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Goering Center news

Registration underway for 13th annual Leadership Development Institute

By Steve Hater

While some among us are natural born leaders, most of us benefit from training and development. And while all family and private businesses need to develop successors for key roles and potential ownership, most do not have the internal resources to build their leadership bench strength. That’s where our Leadership Development Institute comes in. Since 2007, in partnership with Leadership Excelleration, the Goering Center has “graduated” nearly 400 individuals from this comprehensive program, instilling self-awareness that helps them maximize their leadership potential in ways that optimize their company’s performance.

The Leadership Development Institute consists of 10 half-day sessions. Each session focuses on a particular aspect of leadership:

  • Understanding self
  • Working with others
  • Building teams
  • Problem solving

Session topics include:

  • Strength-based leadership
  • Leadership effectiveness and personality preferences
  • Performance coaching
  • Relationship management
  • Team facilitation and development
  • Employee engagement
  • Leading change
  • Problem solving and decision making
  • Strategy and performance alignment

The Goering Center will host candidates for the Leadership Development Institute at a complimentary overview breakfast on Jan. 29, 2020.

Register for the overview here.

Steve Hater is the membership director of the Goering Center. Reach Steve at steven.hater@uc.edu or 513-556-7896.

About the Goering Center for Family & Private Business
Established in 1989, the Goering Center serves more than 400 member companies, making it North America’s largest university-based educational non-profit center for family and private businesses. The Center’s mission is to nurture and educate family and private businesses to drive a vibrant economy. Affiliation with the Carl H. Lindner College of Business at the University of Cincinnati provides access to a vast resource of business programing and expertise. Goering Center members receive real-world insights that enlighten, strengthen and prolong family and private business success. For more information on the Center, participation and membership visit goering.uc.edu.

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February 12, 2020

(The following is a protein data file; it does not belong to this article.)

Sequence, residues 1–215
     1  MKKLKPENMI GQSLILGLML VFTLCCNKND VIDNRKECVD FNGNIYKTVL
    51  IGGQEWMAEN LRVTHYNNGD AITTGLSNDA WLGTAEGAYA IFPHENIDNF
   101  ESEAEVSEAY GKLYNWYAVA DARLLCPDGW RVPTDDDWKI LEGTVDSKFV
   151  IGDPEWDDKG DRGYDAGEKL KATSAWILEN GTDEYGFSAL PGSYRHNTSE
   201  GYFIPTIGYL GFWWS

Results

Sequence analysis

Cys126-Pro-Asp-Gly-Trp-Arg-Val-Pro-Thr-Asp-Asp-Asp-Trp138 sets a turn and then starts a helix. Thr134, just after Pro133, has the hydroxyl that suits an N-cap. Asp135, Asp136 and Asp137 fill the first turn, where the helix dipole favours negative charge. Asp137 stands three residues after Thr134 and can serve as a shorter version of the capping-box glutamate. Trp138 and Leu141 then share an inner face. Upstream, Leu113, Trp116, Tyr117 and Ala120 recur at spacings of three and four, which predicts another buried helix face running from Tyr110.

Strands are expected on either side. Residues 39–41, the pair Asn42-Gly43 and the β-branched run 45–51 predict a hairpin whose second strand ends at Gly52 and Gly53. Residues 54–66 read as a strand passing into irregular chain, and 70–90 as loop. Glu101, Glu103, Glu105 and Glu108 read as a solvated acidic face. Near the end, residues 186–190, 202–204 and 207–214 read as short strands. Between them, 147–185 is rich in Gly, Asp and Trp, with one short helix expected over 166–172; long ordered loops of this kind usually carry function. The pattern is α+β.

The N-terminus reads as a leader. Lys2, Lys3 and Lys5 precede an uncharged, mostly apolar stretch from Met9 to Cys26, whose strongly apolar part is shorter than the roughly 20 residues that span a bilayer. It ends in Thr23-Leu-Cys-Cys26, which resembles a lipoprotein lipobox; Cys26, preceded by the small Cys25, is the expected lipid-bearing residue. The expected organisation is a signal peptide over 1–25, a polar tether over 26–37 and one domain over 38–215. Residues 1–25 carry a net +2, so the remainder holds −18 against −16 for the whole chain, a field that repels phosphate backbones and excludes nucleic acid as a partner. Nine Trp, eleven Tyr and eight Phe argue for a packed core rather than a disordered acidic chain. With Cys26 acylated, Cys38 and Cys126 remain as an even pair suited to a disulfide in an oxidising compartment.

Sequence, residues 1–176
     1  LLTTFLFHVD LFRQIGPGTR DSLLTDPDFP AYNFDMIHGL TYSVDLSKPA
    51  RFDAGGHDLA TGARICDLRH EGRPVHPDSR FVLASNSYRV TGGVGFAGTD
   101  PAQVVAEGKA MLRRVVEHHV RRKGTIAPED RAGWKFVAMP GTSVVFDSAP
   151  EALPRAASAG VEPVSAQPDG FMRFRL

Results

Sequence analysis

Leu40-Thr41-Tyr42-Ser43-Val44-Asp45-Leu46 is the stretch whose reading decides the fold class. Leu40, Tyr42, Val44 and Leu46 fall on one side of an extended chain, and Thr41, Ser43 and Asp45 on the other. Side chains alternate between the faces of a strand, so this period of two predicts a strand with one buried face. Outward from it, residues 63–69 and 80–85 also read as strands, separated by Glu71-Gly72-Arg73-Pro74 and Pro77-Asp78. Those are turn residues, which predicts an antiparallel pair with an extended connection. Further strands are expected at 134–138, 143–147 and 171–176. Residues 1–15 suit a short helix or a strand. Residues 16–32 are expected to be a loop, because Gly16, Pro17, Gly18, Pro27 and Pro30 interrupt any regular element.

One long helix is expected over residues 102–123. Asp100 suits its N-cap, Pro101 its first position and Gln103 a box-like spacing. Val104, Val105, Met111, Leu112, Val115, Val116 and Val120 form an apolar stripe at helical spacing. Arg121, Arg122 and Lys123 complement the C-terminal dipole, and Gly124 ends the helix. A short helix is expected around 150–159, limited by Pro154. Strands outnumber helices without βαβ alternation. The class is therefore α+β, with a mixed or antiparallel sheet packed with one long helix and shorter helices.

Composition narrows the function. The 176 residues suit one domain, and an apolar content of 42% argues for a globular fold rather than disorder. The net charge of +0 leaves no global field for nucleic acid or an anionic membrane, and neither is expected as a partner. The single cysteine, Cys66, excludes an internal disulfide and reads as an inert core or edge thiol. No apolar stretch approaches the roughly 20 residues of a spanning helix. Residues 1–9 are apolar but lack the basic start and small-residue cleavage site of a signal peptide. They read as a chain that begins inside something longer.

It’s a new year, filled with new plans, hopes, dreams and expectations. As a business owner and leader, you’ve invested the time and energy to create annual business plans, strategies and budgets, and now the hard work is behind you, right? Wrong. In reality, the single biggest factor of whether you achieve your annual plan is based on one thing: Execution. The discipline to execute and get the right things done separates great teams from good teams. Sadly, Cincinnati Bengals fans know this all too well after the 2019 football season. Well-conceived game plans don’t win football games, consistent execution does. Or as Mike Tyson said, “Everyone has a plan until they get punched in the mouth.” In his book The 12 Week Year, author Brian Morgan writes, “The marketplace only rewards those ideas that get implemented. Leaders can be smart and have access to lots of information and great ideas; they can be well connected, work hard, and have lots of natural talent, but in the end, they have to execute. Execution is the single greatest market differentiator. Great companies and individuals execute better than their competition.” Organizations that consistently achieve their plans typically focus their efforts on a handful of mission-critical initiatives and break them down into bite-sized chunks. In his bestselling book, Traction, Gino Wickman refers to these shorter-term priorities as “Rocks.” The concept of rocks actually comes from Stephen Covey’s book First Things First. Picture a glass cylinder on a table. Next to the cylinder are rocks, gravel, sand and a glass of water. Imagine the glass cylinder as all the time you have in a day. The rocks are your main priorities, the gravel represents your day-to-day responsibilities, the sand represents interruptions and the water is everything else that you get hit with during your workday. By putting the big stuff in first (rocks), the daily responsibilities second (gravel), the interruptions third (sand) and then everything else (water), it all fits. Most importantly the rocks get your first and best attention to complete. A leadership team that utilizes Rocks operates in a 90-Day World as Wickman describes it; evaluating, establishing and achieving business priorities every 90 days. This exercise of giving weight to the most important things drives clarity and alignment of the leaders and the organization. Each Rock is assigned to a single person to own the responsibility for ensuring it gets done. This shorter-term agreement and focus on the most important items dramatically increases the probability of achieving the desired outcome, in turn, achieving the annual plan. Organizations that utilize the methodology in Traction, called the Entrepreneurial Operating System or EOS®, focus on just three to seven 90-day Company Rocks. Each Rock must be SMART (specific, measurable, attainable, realistic and timely). Leadership teams review and discuss the Rocks each week to determine whether they’re “on track” or “off track.” This creates awareness and accountability among the team so that people don’t get distracted by the day-to-day stuff and forget to focus on what’s really important. This year, consider how focusing on less might actually help you accomplish more. Break your organization’s annual plan down into prioritized, bite-sized chunks and hold yourself and your leaders accountable every week for 90 days to execute the plan.

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